The Town of Ladysmith received an audit report completed by MNP, one of Canada’s largest accountancy firms.
Chartered Professional Accountant, Cory Vanderhorst presented the findings to council at the April 20 regular council meeting.
The Town holds $35 million in total financial assets, $17.9 million in debt and $32.1 million in total liabilities — which refers to expenses like wages payable, accounts payable, and deferred revenue — overall the Town has net financial assets of $2.8 million.
Total revenues for the Town were down in 2020 due to a drop in user fees for Town facilities and a reduction in grant funding. Total expenses increased in 2020, mainly in sewer and water spending. Spending on sewer assets reached nearly $4 million, and water spending reached $3 million.
Vanderhorst said that the Town was fully cooperative with the audit. There was no evidence of fraud, irregularities, or illegal payments. The audit found that accounting policies used by the Town are appropriate and have been consistently applied.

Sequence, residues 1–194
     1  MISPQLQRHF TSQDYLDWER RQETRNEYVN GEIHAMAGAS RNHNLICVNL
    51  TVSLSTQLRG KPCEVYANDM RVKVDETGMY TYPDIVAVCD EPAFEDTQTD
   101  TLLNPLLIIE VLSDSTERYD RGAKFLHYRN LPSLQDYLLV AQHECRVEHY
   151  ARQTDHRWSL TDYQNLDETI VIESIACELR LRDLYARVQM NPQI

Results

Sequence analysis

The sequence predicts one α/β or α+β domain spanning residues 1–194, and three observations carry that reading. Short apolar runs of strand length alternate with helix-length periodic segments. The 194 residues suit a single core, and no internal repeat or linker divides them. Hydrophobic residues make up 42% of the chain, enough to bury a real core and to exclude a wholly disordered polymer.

The audit found that the Town of Ladysmith is in good financial shape. The Town generated a $5.7 million surplus for 2020. That does not mean that the Town has $5.7 million in cash on hand. The surplus reflects reserve budgets and federal COVID-19 funding that has restrictions on how it can be spent.
“What’s happening functionally is when a council budgets for the year and sets the tax rate they budget for a balanced budget,” Vanderhorst said. “But the accounting standards they’re reporting under are not done on a cash basis.”
Budget surpluses are fairly common for B.C. municipalities. Things like capital expenditures, infrastructure spending, debt repayments and transfers into reserves for future costs are all reflected in the surplus.
For example, the Town of Ladysmith has allocated equity to continuing projects, future projects, equipment, solid waste, snow and ice removal, water operating funds and sewer operating funds.
“Most of the surplus that’s there is already earmarked for other things,” Vanderhorst said.
Running a surplus allows municipalities to keep property tax rates steady and allows municipalities to be prepared for contingencies or unexpected costs.
“It’s that type of planning and looking ahead and saying let’s make sure we have some money set aside so we don’t have something unanticipated put us into deficit,” Vanderhorst said.